I've told this story a few times before. It happened in November 2014. It was the week of Thanksgiving and I was on the verge of a 4-month battle with severe depression. I say "verge" because, even though the depression had technically set in, those first few weeks were nothing compared to the rock-bottom I would encounter throughout the months of December, January and February. Talking with my good friend Clifton, I balled my fists up and huffed at him with frustration, "I just want to go back to normal."
It was clear though that my "normal" had brought me to this destination already: tired, anxious, burnt out and unable to keep the facade of "driven, inspiring young woman" going any longer. I was at the end of myself.
"When a tree gets struck by lightning it never goes back to normal," Clifton said. "It makes a new kind of normal."
Making a new "normal" is a monotonous task. I won't sugarcoat it and make you think otherwise. When your life falls apart-- or when you realize you are in grave danger of soon holding in your hands the remains of a life that has fallen apart-- the trek towards something different isn't easy. The road is rarely paved. The signs on the trees don't give clear directions. Much of forging a new life feels like fumbling around in the darkness until you find that next patch of light that tells you, "keep going."
I only write this because I've been let down by way too many covers of Women's Health magazine before. I've bought into the "7 simple steps" and the "transformation in 8 weeks or less." I've wanted transformation, rebuilding, all of it, to be as simple as the world told me it could be. It's not though. Baby steps aren't sexy but they're real.
ROUTINE IS KING
I go through gaps in my therapy where I feel like there is nothing to talk about. Friends, let me assure you that there will alway be something to talk about. It's in those gaps that my therapist will ask me, "What's coming up?"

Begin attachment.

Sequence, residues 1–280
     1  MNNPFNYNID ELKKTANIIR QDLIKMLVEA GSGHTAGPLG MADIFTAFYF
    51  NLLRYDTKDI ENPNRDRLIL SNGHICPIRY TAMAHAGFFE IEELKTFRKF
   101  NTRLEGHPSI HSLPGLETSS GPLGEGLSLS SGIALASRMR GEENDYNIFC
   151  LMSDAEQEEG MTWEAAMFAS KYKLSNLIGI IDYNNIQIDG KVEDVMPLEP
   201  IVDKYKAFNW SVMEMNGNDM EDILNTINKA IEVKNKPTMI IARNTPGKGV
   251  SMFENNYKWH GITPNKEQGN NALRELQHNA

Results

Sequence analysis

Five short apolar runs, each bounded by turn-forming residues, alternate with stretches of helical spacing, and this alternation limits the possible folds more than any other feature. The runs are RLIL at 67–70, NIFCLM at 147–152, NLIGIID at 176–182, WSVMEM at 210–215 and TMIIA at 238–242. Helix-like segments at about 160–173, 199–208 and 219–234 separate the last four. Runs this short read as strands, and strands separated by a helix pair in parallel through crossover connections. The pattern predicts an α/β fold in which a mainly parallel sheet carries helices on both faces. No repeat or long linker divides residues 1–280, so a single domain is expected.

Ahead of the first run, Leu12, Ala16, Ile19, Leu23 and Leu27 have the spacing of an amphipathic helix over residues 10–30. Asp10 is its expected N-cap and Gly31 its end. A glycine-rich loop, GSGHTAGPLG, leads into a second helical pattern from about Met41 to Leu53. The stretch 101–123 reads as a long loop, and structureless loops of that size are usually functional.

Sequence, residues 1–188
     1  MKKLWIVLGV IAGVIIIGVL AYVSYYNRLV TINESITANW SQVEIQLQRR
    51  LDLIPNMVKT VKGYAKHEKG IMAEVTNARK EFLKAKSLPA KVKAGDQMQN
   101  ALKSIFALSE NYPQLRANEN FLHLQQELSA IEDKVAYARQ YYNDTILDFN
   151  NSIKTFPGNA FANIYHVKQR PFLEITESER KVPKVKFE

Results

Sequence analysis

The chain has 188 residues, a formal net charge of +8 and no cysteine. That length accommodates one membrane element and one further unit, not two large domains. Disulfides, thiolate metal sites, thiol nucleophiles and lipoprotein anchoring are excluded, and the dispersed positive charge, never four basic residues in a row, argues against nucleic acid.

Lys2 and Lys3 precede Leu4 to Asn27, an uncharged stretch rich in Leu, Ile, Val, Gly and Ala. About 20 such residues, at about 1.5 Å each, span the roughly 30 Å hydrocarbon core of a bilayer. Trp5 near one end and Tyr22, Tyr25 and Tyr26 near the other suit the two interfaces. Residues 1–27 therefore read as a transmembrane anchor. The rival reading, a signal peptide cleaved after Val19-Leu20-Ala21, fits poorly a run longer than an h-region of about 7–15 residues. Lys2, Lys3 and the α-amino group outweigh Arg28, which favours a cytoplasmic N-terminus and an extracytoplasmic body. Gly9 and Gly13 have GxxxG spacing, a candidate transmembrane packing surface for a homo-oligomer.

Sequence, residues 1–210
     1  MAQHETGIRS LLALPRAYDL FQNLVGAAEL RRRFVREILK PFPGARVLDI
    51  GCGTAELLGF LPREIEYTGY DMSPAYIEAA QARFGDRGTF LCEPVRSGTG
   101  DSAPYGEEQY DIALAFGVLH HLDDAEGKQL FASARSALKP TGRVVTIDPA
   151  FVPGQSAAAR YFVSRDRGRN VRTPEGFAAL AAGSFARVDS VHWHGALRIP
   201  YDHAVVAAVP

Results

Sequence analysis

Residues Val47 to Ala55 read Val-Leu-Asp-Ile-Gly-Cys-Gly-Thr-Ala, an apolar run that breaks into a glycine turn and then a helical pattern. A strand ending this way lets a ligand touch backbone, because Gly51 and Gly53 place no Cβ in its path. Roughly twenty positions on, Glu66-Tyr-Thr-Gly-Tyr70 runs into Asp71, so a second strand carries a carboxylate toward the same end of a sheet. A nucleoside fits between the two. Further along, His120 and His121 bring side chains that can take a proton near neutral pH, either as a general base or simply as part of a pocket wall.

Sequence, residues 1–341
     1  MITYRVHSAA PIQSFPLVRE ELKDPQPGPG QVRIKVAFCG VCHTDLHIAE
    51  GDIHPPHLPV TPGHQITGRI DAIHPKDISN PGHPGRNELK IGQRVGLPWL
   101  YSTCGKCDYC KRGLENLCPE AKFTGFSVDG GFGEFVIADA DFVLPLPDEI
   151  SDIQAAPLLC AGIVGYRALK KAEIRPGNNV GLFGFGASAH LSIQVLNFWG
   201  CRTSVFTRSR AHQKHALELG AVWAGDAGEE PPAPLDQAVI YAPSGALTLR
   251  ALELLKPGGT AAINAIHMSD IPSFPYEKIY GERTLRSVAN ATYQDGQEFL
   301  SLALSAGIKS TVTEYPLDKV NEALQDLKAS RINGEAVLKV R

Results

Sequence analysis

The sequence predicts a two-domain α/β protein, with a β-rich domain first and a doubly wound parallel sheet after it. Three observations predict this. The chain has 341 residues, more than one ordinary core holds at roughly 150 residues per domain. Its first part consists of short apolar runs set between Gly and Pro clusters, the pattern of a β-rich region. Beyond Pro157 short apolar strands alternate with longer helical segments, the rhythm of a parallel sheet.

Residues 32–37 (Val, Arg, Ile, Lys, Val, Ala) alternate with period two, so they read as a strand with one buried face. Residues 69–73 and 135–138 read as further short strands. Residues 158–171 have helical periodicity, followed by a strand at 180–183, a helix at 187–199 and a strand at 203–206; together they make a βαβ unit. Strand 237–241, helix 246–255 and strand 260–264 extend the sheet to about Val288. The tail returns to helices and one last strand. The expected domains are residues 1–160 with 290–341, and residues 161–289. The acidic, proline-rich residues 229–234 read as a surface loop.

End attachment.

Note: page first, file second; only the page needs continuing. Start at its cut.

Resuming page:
She knew over a month ago that I have a very busy fall coming up. I am speaking at a dozen places. I am working on a book. I am getting married in less than 3 months. It's a time of craziness.
A month ago, we started poking holes in my schedule and asking the good questions: How will you continue to work out when you're staying in hotels? What food do you want to eat on the road? When will you rest? How will you handle meal prep?
I am the sort of person who thrives on routine. I need routine to feel my best and do my best. So our mission has become this: how do we keep "normal" happening in the midst of a chaotic calendar?
Here comes a small handful of things I did to ensure my routine stays intact for the next few months:
- I went ahead and ordered a bunch of toiletries, snacks and household items in advance from Amazon Prime Pantry. This way, I am not overwhelmed when I come home from a trip because I need toilet paper or ran out of toothpaste.
- I bought extras of items like razors, toothbrushes, and even my iPhone charger so I could keep one set in my suitcase and another in my home. Losing things can seriously throw you off your A-game so why not keep extra?